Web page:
HANOI (Reuters) – Courts in Vietnam handed prison sentences to two activists on Thursday, as the communist-ruled government widens a crackdown on dissent.
A court in the northcentral province of Nghe An sentenced Nguyen Viet Dung to seven years in prison for posting “anti-state propaganda” on his Facebook account, police said.
Despite sweeping economic and social reforms in Vietnam, the ruling Communist Party retains tight media censorship and does not tolerate criticism. It has been stepping up sentencing and arrests of activists and handing them longer jail terms.
Dung, 32, was charged with posting information on his Facebook account last year that distorted the policies of the party and the state and defamed state leaders, the police said, citing the indictment.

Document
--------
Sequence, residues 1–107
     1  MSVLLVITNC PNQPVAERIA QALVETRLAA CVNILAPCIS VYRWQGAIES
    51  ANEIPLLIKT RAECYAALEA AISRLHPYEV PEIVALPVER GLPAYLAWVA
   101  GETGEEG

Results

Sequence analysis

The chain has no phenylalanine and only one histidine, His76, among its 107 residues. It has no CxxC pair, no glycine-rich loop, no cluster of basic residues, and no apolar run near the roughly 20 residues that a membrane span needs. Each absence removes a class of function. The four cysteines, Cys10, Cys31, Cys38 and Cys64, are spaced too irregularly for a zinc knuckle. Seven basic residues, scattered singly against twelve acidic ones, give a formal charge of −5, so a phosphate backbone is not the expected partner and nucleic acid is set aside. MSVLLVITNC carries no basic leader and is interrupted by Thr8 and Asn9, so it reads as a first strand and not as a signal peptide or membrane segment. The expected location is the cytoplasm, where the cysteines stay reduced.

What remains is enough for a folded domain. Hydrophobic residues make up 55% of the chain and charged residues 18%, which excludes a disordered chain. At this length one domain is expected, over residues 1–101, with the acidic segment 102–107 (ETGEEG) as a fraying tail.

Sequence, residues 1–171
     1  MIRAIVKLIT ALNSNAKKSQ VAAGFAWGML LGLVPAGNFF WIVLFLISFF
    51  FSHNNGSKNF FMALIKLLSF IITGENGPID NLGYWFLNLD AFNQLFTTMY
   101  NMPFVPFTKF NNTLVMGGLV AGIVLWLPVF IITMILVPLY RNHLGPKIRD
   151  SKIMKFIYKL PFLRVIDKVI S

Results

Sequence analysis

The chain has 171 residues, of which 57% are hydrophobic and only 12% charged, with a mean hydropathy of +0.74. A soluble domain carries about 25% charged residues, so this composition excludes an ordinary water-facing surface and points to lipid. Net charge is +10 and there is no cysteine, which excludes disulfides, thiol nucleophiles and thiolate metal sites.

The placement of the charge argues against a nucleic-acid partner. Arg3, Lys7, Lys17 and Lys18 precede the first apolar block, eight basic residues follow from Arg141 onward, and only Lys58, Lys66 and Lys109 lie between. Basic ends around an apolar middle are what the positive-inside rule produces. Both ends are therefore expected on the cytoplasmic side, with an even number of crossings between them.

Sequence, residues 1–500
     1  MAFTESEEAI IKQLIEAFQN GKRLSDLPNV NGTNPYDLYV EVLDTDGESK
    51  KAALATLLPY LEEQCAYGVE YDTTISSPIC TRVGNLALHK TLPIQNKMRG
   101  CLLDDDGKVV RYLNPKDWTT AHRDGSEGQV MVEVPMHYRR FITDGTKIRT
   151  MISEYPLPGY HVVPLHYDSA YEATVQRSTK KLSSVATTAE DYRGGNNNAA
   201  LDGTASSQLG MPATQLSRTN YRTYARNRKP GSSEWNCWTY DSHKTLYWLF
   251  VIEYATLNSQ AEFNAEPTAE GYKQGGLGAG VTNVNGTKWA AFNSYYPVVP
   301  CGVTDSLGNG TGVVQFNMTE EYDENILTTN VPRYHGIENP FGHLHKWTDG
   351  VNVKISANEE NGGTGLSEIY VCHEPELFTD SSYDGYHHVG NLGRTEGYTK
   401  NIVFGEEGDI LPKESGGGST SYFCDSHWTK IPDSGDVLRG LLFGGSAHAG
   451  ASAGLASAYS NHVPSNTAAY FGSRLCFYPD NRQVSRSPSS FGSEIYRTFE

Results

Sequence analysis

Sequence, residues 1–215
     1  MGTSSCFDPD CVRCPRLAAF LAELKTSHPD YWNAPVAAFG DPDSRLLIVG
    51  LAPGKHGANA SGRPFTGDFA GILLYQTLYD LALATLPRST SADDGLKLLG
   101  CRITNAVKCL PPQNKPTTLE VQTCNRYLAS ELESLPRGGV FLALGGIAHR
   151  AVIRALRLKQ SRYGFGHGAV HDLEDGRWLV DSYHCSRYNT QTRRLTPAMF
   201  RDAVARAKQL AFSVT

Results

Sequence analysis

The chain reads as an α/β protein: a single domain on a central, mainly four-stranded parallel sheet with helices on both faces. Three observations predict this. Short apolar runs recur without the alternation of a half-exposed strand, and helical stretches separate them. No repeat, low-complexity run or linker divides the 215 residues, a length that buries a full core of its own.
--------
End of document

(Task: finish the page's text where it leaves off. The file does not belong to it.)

Dung, who was jailed for a year in 2015 for causing public disorder, will also face five years of house arrest after serving his latest prison term, police said.
“These trumped-up charges, used to attack peaceful activists like Nguyen Viet Dung and many other dissidents before him, show just how easy it is for the government to harass, detain, prosecute and imprison any person,” said Phil Robertson, Deputy Asia Director at New York-based Human Rights Watch.